But rather than letting go if you were to hold onto the string and allow the weight to freely rotate instead, then the Centripetal force or centrifugal force (depending on your point of reference) will act on it and you will feel the weight pulling your arm towards the weight (making your hand move and down) this is the static Imbalance.
Now if you are still here, then big kudos to you for wanting to learn something new (it says a lot about your character) but i am going to guess that you are now asking “what about the Dynamic Imbalance?”
So, lets repeat the process above but this time while the load (or weight) is rotating suddenly move your hand a few inches towards or away from you. You will see the weight move from its original course to a new position where it is again rotating around the axis of applied force or point of rotation.
Now when this effect is applied to a wheel, this causes the force of the point of axis imbalance to create a “side to side” motion as it moves around to meet the point of rotation and this creates a “shimmer”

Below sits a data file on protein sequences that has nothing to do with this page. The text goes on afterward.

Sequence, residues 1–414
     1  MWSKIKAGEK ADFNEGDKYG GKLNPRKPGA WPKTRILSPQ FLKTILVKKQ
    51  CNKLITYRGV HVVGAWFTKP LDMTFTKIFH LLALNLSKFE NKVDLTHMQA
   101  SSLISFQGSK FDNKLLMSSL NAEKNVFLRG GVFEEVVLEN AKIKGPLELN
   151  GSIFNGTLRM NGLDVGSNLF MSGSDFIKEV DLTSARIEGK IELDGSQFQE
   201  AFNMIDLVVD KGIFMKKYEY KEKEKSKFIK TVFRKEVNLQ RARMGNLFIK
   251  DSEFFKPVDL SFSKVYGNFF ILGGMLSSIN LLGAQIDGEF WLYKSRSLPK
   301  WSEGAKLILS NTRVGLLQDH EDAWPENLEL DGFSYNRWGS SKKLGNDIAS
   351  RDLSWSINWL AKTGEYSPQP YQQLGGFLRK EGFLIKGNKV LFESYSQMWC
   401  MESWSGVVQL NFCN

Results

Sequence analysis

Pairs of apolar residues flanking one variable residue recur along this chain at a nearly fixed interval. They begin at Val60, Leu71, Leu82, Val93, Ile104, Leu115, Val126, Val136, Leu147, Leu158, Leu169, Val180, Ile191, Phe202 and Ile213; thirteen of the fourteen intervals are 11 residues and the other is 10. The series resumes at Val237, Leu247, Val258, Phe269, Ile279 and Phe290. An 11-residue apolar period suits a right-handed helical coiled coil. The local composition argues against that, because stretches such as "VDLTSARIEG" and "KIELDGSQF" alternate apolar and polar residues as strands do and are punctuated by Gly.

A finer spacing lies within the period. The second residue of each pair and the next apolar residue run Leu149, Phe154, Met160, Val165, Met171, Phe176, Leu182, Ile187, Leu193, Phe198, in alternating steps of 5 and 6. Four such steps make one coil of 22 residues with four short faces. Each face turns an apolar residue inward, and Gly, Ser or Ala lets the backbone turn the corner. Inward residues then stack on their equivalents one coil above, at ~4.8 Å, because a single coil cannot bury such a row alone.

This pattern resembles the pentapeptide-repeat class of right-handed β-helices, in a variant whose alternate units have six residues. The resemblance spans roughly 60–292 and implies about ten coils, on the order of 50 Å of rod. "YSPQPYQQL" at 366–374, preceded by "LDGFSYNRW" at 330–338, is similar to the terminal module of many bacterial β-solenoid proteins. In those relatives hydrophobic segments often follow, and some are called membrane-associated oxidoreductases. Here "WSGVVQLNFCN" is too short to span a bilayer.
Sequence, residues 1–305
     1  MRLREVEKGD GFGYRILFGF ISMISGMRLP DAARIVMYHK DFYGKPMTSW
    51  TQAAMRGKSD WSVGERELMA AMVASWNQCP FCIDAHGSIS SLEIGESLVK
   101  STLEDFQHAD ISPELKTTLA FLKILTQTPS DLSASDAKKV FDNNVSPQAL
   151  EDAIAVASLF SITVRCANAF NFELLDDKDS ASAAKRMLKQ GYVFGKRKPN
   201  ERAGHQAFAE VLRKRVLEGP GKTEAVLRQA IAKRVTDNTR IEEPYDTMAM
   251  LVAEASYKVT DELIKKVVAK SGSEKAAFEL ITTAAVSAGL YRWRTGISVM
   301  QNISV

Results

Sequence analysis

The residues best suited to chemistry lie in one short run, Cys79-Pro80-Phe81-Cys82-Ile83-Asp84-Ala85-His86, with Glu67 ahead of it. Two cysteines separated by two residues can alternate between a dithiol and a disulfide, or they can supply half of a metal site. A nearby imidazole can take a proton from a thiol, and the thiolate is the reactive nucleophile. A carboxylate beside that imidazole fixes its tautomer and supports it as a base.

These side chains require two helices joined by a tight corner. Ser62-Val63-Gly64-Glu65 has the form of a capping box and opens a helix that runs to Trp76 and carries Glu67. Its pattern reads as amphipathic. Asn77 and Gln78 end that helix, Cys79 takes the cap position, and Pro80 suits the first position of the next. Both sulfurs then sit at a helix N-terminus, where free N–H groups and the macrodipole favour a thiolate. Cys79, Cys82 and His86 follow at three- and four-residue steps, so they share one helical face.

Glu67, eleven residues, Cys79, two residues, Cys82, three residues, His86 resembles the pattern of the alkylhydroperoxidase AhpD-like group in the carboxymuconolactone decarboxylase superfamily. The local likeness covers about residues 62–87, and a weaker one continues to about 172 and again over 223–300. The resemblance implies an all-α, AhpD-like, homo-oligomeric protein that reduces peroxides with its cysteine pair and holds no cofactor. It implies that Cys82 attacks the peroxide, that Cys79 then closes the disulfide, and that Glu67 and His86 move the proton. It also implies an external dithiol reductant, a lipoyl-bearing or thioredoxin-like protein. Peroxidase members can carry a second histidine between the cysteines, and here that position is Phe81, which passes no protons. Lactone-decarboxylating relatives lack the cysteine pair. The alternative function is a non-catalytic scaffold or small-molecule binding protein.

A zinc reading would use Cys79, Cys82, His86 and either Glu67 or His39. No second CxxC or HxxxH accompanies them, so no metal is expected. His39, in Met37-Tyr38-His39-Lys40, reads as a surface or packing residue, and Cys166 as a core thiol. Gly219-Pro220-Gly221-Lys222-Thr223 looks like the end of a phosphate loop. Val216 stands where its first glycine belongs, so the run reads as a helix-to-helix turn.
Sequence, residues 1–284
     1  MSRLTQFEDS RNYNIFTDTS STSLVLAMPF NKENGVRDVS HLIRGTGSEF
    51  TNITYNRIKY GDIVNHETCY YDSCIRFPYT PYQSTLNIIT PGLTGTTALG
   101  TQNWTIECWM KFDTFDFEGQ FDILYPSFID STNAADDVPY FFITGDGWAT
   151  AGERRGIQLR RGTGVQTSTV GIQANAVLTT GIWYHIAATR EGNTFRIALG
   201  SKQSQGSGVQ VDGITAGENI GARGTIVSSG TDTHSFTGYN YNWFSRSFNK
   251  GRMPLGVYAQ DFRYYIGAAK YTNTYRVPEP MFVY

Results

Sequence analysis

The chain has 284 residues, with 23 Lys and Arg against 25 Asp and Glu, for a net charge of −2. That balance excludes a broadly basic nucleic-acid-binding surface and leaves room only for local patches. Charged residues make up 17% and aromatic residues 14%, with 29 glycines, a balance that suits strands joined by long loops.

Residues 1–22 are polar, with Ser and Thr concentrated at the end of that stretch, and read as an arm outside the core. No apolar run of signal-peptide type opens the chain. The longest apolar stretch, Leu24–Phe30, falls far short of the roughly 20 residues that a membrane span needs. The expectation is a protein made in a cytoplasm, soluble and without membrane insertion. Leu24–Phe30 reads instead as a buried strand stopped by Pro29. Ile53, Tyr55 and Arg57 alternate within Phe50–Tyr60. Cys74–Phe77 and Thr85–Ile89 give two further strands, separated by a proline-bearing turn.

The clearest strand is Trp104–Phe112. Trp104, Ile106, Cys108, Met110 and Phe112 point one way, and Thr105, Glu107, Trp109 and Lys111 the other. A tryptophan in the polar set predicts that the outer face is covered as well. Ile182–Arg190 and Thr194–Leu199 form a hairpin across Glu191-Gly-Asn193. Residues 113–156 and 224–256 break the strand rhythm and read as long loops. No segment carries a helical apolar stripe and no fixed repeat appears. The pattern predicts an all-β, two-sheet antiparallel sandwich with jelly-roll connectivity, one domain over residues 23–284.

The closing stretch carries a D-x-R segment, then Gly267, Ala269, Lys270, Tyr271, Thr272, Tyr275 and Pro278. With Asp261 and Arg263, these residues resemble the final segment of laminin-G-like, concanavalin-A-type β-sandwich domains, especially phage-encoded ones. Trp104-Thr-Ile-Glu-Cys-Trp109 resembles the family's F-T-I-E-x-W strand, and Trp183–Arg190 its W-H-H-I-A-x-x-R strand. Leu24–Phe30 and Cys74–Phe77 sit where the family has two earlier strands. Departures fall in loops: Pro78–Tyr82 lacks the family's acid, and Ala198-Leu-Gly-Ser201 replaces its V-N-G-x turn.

This “shimmering” causes the imbalance to pull on the steering rack which induces a vibration that is particularly noticeable on a flexible axle such as a steering joint, especially at higher speeds. On a rigid axle such as the ones found at the rear of a car, the shimmer will cause tyres to wear with a fluttering effect, prematurely ending the life of the tyre and also creating a noticeable vibration within the vehicle
To counteract this force, you need place a weight of equal amount opposite the off-centred imbalance.
If you are balancing any modern wheels (and by modern, I refer to wheels wider than 4 Inch), you should always use a Dynamic weight balancing program. And to be blunt the wider the wheel and tyre gets, the more important this point becomes.
Wheel Balancing 101
So, there you have it, a fundamental break down of the differences between Static and Dynamic Wheel Balancing.
The proverbial homage to wheel balancing 101 as it were.
Hopefully now you can see why all “modern” wheels should be dynamically balanced. And by implementing this method into your business (if you are not doing so already), you will be providing your customers with a superior service.
If you have any questions regarding this subject, or indeed would like to discuss staff training. Please click the contact button below where we can talk about any requirements for your business.Contact Us
Again, I must state that this is a simple description of Static and Dynamic balancing.
I am sure there will be the purists out there that are spitting feathers over this article for not being scientifically or technically accurate, and no doubt there will be engineers wishing to throw large heavy objects in my general direction for being so laymen. But as stated earlier this post was not intended for you and I bear no apologies for this.
Hope this helps